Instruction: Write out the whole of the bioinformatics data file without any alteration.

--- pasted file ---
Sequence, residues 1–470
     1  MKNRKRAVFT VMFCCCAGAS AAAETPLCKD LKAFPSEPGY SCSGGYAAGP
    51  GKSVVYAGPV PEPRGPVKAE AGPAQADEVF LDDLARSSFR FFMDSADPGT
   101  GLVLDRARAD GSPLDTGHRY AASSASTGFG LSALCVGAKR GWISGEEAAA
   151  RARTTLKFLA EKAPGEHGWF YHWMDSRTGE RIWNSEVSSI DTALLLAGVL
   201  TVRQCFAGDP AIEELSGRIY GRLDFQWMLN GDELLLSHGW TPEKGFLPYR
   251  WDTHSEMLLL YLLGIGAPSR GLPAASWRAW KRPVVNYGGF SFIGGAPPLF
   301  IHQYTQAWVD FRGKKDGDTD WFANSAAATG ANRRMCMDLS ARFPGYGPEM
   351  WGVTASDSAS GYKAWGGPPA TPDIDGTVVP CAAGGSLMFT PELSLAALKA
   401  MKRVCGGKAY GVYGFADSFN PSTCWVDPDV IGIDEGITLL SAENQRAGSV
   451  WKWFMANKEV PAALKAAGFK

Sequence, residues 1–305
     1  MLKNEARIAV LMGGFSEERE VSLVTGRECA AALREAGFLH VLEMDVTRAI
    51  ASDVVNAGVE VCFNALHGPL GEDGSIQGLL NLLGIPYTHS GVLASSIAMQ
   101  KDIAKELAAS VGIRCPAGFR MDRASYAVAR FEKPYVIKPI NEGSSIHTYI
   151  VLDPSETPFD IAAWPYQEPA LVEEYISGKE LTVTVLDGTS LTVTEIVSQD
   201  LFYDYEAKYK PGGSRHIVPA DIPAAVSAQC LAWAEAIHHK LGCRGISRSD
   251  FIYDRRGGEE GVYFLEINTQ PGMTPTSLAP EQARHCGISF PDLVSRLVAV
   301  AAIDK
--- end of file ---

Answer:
Sequence, residues 1–470
     1  MKNRKRAVFT VMFCCCAGAS AAAETPLCKD LKAFPSEPGY SCSGGYAAGP
    51  GKSVVYAGPV PEPRGPVKAE AGPAQADEVF LDDLARSSFR FFMDSADPGT
   101  GLVLDRARAD GSPLDTGHRY AASSASTGFG LSALCVGAKR GWISGEEAAA
   151  RARTTLKFLA EKAPGEHGWF YHWMDSRTGE RIWNSEVSSI DTALLLAGVL
   201  TVRQCFAGDP AIEELSGRIY GRLDFQWMLN GDELLLSHGW TPEKGFLPYR
   251  WDTHSEMLLL YLLGIGAPSR GLPAASWRAW KRPVVNYGGF SFIGGAPPLF
   301  IHQYTQAWVD FRGKKDGDTD WFANSAAATG ANRRMCMDLS ARFPGYGPEM
   351  WGVTASDSAS GYKAWGGPPA TPDIDGTVVP CAAGGSLMFT PELSLAALKA
   401  MKRVCGGKAY GVYGFADSFN PSTCWVDPDV IGIDEGITLL SAENQRAGSV
   451  WKWFMANKEV PAALKAAGFK

Sequence, residues 1–305
     1  MLKNEARIAV LMGGFSEERE VSLVTGRECA AALREAGFLH VLEMDVTRAI
    51  ASDVVNAGVE VCFNALHGPL GEDGSIQGLL NLLGIPYTHS GVLASSIAMQ
   101  KDIAKELAAS VGIRCPAGFR MDRASYAVAR FEKPYVIKPI NEGSSIHTYI
   151  VLDPSETPFD IAAWPYQEPA LVEEYISGKE LTVTVLDGTS LTVTEIVSQD
   201  LFYDYEAKYK PGGSRHIVPA DIPAAVSAQC LAWAEAIHHK LGCRGISRSD
   251  FIYDRRGGEE GVYFLEINTQ PGMTPTSLAP EQARHCGISF PDLVSRLVAV
   301  AAIDK